The iPhone has a pretty useful feature: Do not Disturb. However, not everyone is familiar with its nuances and many do not risk using it. But after I tell you about its benefits and features, you will probably love the mode designed by Apple for your comfort and special needs.
Main Features of iPhone’s Do Not Disturb
Many iPhone owners are cautious about using additional features of their gadget. In particular, they wonder – what happens to the phone when I switch it to Do Not Disturb Mode?
Do Not Disturb is a valuable iPhone setting for periods when you do not wish to be disturbed, such as conferences, official events or in the evening. This setting only has a result if your iPhone is locked. You can schedule Do Not Disturb to repeat at the exact same time every day, and to set exceptions for certain types of calls to ring through. Comprehending Do Not Disturb can help you prevent your iPhone from making undesirable disruptions in your day-to-day life.
Should you Use the Do Not Disturb Feature on your iPhone?
- preset settings for quick switching on or off
- several options for enabling Do not Disturb
- intuitive and user-friendly interface
- to install for the first time many people need to read the manual or watch an introductory video
About Do Not Disturb
The Do Not Disturb alternative on the iPhone stops alerts, signals and calls from making any sound, vibration or lighting up the phone screen when the screen is locked. You can turn on Do Not Disturb in your iPhone’s “Settings” area. Do Not Disturb does not have an impact on alarms; any set alarms will still sound while Do Not Disturb is triggered.
How to Turn on Do Not Disturb
Apple’s Support Page recommends several ways to so.
Option #1 – Asking Siri
Say something like: “Turn on Do Not Disturb,” or “Turn off Do Not Disturb.”
Option #2 – By Using Control Center
- Open Control Center, then tap Do Not Disturb icon to turn on Do Not Disturb.When Do Not Disturb is on, Do Not Disturb icon appears in the status bar.
- To choose an ending time for Do Not Disturb, touch and hold Do Not Disturb icon in Control Center, then choose an option, such as “For 30 minute” or “Until the end of this event.” You can also just set the start and end times of Do not Disturb Mode.
Do Not Disturb and Lock
Do Not Disturb also only has an impact when your phone screen is locked. When your phone is locked, its screen doesn’t react to your touch however it can still get texts, calls and other alerts. The iPhone locks automatically when you stop touching the screen for a minute approximately, and you can open your phone by pressing the “Sleep/Wake” button or the “Home” button and then dragging the slider. You can set your iPhone’s Auto-Lock alternatives in your iPhone’s “Settings” section.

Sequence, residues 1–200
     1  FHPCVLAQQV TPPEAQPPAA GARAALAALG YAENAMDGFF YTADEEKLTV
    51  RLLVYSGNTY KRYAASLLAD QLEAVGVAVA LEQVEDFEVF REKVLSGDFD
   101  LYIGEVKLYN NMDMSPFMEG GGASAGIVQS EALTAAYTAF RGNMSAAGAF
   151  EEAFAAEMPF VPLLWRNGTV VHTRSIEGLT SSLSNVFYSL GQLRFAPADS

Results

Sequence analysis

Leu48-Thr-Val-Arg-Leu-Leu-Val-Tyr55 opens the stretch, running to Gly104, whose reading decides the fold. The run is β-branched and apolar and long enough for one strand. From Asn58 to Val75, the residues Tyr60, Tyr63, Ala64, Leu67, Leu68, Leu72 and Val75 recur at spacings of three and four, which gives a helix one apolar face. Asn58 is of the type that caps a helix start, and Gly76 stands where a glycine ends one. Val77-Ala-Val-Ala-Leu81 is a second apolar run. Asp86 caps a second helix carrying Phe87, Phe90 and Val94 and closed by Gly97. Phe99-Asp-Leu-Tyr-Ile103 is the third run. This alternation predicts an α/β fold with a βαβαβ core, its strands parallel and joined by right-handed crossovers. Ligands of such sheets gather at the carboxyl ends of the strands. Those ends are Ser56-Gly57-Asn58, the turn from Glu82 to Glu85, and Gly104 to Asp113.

Scheduled Do Not Disturb
You can schedule quiet hours, a time period in which Do Not Disturb is activated every day, by setting Do Not Disturb to “Scheduled” in “Settings” and inputting your wanted time period. Scheduled quiet hours are beneficial if there is a set time every day, such as when you are sleeping in the evening, that you do not wish to be disturbed. After you schedule Do Not Disturb, your iPhone will immediately turn it on during your set hours every day.
Do Not Disturb While Sleeping
- Go to Settings > Do Not Disturb.
- Turn on Do Not Disturb, then turn on Scheduled.
- Tap From, then set the beginning and ending times for your sleep.
- During these hours, the Do Not Disturb icon appears in the status bar.
- Turn on Dim Lock Screen.
To silence incoming calls, tap Allow Calls From, then choose No One.
Do Not Disturb turns off automatically at the end of the quiet hours you define. To turn it off faster, tap the Do Not Disturb alert on the Lock screen, then tap Turn Off. When Do Not Disturb is off, notifications resume.
Setting Do Not Disturb Exceptions
In your iPhone’s settings, you can trigger 2 types of exceptions to your Do Not Disturb. The first type is contact-based; you can choose to have the calls of certain contacts always ring through. This works if you can’t miss a call from a particular contact. The 2nd kind of exception is frequency-based; you can choose to have repeated calls (specified as a second call from the same person within three minutes) to ring through. This exception helps you not miss pushing matters, in which it is likely somebody will attempt to reach you multiple times.